Making Moves: PBT Principal Stages World Premiere

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It’s a bright March morning, and PBT Principal Yoshiaki Nakano has come to the final movement of his new ballet.

Winter sun streams through the skylights, sending shafts of light across the sprung studio floors. In the quiet moments before rehearsal Nakano stands before the mirror, sketching shapes with his arms and contemplating the effect of the movement that he’s been holding in his mind’s eye.

A few minutes after 11 a.m., he calls his male colleagues into one of the ballet’s final formations to run through spacing and start the first eight-count. The movement ripples from Nakano throughout the formation as he models the choreography and its nuances – a flick of the risk, the angle of an arm, the direction of a collective gaze.

His new neoclassical ballet, A Fellow Feeling, marks his first for main-stage audiences. Patrons previewed an excerpt during PBT’s August Hartwood Acres performance, but he’ll unveil two additional movements and brand-new costume designs by PBT Costumier Janet Groom Campbell at the Byham Theater.

“I listen to the music like 100 times, and from there I get inspired,” Nakano said. “It’s beautiful music. I picture it in my head and then move around on my own. It’s neoclassical – I like putting some spice on classical choreography.”

Nakano is just 27 years old. He’s made a rapid ascent through the company ranks, starting as a PBT School graduate student in 2009, signing his first company contract in 2010, advancing to soloist in 2013 and then to principal in 2014.

Since then he’s earned his share of accolades. In 2014, Dance Magazine ranked him on its “25 to Watch” short list of top international talents. Locally, the Pittsburgh Post-Gazette has recognized him on its list of people raising the barre in Pittsburgh dance  and its People to Meet of 2016.

March 10-13, at the Byham Theater, he’ll become the first company dancer to debut main-stage work during Artistic Director Terrence S. Orr’s 19-year tenure.

“I’m very proud of Yoshi. He’s a brilliant dancer and has a wonderful gift for choreography. We’ve all enjoyed being part of his creative process,” Orr said.  

Nakano has choreographed on the pre-professional dancers of PBT School and for annual performances of the Dancers’ Trust, a nonprofit that supports dancers transitioning from ballet to the next stage of their careers.

Back home in Japan, his mom sparked his choreography pursuits around age 16. As the owner of the dance school where he trained, she challenged him to choreograph for a major international competition. Next week at the Byham, she’ll be in the audience to witness his main-stage debut.

It’s a milestone that he’s not taking lightly. On a recent Wednesday afternoon he popped open his laptop in the studio’s atrium for an impromptu work-through with Corps de Ballet dancer Marisa Grywalski.

“It always in my head…driving home, lying in bed at night, waking up in the morning,” he said. “It’s really fun, really fun, but it’s also stressful. I need to manage my time, because it’s very limited.”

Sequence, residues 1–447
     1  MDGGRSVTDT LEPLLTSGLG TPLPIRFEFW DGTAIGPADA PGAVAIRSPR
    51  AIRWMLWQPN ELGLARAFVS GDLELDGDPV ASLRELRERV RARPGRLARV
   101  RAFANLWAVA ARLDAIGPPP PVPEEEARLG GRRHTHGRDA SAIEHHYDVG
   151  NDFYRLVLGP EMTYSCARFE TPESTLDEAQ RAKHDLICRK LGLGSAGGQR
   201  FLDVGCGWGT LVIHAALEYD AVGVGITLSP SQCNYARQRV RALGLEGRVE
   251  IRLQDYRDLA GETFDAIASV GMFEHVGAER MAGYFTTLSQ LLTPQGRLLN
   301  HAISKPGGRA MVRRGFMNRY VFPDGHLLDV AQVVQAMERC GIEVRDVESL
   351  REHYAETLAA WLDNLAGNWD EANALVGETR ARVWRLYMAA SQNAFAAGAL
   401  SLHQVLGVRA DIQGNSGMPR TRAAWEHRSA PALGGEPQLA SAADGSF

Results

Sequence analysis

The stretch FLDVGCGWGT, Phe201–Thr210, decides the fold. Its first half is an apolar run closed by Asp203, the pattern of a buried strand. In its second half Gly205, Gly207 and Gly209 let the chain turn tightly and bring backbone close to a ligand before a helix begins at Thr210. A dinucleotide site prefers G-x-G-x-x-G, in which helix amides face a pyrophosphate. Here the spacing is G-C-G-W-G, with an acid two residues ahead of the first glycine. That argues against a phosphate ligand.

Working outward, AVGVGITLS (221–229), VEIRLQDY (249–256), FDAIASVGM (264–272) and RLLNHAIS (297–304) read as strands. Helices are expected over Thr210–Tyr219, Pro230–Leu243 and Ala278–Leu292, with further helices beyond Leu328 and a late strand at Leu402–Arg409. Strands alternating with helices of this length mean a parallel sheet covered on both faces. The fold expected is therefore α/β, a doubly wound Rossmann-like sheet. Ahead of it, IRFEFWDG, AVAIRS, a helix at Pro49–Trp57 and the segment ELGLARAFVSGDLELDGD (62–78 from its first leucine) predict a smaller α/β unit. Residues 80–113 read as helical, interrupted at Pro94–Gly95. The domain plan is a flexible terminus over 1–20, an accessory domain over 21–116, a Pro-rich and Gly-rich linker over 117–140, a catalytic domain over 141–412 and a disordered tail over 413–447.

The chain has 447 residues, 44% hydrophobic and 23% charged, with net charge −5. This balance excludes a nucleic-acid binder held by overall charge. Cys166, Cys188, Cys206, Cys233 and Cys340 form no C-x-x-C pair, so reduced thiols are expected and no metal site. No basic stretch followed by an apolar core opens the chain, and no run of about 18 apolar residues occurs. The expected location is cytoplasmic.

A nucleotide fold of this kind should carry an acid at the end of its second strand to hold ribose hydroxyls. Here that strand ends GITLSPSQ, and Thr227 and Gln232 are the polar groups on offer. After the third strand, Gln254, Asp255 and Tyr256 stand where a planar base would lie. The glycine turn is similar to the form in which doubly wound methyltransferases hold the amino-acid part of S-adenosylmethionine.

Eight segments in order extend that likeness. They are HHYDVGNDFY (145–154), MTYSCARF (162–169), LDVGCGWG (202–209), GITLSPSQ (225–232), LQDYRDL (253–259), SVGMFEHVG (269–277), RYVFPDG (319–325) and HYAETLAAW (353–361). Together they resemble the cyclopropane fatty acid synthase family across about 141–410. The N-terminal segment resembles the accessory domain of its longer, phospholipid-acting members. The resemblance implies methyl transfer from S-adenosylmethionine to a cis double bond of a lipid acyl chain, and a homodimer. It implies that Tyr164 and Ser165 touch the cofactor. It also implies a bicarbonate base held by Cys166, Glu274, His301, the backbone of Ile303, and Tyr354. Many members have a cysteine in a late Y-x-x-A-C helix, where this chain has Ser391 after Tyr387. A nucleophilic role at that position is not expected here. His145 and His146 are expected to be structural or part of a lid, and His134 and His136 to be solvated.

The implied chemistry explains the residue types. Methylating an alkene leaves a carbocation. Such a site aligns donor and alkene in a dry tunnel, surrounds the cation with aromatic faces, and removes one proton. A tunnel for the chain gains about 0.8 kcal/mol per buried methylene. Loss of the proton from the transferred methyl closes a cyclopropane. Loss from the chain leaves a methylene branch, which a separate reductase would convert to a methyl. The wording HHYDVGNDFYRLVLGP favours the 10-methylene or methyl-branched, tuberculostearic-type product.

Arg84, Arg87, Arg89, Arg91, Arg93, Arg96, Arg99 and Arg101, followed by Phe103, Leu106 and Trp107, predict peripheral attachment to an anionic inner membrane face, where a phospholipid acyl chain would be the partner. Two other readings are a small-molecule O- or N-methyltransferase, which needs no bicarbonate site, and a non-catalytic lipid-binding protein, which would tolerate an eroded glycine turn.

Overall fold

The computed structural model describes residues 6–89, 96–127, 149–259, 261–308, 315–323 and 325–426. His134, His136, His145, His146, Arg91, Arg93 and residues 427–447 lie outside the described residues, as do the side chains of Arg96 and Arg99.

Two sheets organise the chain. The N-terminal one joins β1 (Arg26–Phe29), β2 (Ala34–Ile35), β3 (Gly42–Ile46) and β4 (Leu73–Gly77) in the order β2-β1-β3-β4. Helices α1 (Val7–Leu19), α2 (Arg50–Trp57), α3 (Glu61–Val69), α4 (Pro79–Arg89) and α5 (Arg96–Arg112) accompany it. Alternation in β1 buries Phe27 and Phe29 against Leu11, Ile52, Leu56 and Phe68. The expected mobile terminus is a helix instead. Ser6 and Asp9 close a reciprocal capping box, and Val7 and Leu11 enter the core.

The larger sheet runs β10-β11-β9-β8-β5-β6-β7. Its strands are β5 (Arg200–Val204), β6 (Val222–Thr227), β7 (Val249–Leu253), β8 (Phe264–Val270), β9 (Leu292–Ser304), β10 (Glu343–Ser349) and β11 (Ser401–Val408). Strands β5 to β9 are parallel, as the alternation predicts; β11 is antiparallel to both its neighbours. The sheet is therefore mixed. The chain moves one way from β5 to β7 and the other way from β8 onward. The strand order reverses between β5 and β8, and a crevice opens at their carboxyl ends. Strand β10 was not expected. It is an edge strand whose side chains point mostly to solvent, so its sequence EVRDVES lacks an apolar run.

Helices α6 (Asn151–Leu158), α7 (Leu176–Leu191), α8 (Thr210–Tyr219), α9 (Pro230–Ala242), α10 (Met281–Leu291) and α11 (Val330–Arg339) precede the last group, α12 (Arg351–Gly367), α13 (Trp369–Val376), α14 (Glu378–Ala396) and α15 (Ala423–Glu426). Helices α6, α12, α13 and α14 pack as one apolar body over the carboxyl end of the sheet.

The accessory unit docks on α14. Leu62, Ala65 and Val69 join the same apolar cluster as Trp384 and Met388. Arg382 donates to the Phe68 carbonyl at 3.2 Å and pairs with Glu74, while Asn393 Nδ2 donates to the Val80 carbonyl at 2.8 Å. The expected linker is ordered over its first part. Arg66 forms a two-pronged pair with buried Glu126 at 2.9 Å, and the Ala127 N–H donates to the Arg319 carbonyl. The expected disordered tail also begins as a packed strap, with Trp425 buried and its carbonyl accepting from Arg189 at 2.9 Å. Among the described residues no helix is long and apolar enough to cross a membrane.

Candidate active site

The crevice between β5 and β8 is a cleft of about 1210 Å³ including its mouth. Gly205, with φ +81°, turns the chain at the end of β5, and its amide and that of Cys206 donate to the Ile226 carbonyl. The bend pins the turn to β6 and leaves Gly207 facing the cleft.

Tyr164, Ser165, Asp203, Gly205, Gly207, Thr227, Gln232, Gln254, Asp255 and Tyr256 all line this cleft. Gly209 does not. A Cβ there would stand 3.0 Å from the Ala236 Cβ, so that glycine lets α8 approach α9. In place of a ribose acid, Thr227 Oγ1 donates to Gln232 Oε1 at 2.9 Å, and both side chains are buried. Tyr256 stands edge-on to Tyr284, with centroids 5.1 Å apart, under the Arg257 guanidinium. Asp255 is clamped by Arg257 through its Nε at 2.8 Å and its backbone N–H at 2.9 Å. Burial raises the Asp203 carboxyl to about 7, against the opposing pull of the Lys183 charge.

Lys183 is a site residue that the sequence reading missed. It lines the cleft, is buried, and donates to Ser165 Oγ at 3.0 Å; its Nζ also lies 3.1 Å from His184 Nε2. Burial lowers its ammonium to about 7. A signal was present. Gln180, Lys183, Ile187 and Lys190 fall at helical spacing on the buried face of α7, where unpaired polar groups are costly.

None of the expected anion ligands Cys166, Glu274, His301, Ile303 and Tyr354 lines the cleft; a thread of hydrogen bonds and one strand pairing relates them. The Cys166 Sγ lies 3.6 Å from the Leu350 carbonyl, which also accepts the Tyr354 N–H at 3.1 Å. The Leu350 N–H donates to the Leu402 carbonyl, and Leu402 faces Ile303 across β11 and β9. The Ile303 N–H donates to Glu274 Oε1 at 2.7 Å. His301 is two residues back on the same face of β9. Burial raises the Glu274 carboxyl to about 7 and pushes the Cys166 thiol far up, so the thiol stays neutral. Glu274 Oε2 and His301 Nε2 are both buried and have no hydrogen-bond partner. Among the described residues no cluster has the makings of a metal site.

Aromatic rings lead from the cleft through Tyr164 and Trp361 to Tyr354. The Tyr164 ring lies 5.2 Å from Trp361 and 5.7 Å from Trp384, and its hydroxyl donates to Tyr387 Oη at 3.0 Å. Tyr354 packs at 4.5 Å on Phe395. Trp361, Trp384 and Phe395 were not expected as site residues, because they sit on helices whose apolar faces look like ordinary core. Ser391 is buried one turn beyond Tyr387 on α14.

For him, the hardest stages are the beginning and end – two bookends to the creative process. Even when the piece is finalized, the process isn’t over for Nakano. He’ll help bring his own creation to life onstage as a featured performer.

“Yoshi is a great friend, so it is a joy to see him making great strides in pursuing his dream. The energy of this piece shifts a lot. There are moments that are simple, yet really beautiful, and then there are strong sections that are quite intricate,” said Corps de Ballet dancer JoAnna Schmidt, who partners with Nakano. “What’s intriguing to me is how he often has two or more couples dancing at the same time, but doing completely different choreography. There are moments when Yoshi and I are dancing together and a totally separate dance is happening at the same time. I feel like I’m dancing in my own world, someone else is dancing in their own world, and we’re both on stage at the same time. It’s awesome!” 

The costumes are soft white tutus and leotards, accented with bright pops of color. Nakano picked nine accent shades, said Janet Groom Campbell, PBT costumier. Communication between the two is key; it’s important for her to understand his intentions and movement patterns in order to design costumes that complement the choreography. 

“He knew he wanted white,” she said of the leotards and tutus. “You want input from the choreographer. It’s all a collaboration of talents.”

“The music has strength inside,” he said, of his decision to contrast bold bands of color with the simplicity of the white.  The shades and connotations of the colors also match the music – purples and blues for a more mellow feeling, reds and pinks as it intensifies.

For Nakano, “it’s an honor to do this.” And, it’s something he plans to pursue as long as he can.

“It doesn’t get boring. There’s so much music in the world. Every time I listen to classical music, it makes me want to make a piece.”

For more from Nakano, step into the studio with the Pittsburgh Post-Gazette for this behind-the-scenes video feature. 



 

 

Mixed Repertory #2: Four Works on 1 Ticket
March 10-13, 2016 | Byham Theater | www.pbt.org | 412-456-6666

Antony Tudor’s Jardin Aux Lilas (Lilac Garden)
James Kudelka’s The Man in Black
Michael Smuin’s Eternal Idol
Yoshiaki Nakano’s A Fellow Feeling 

 Learn more about the choreographers here!

Sub-title
Nakano Marks 19-Year First for PBT

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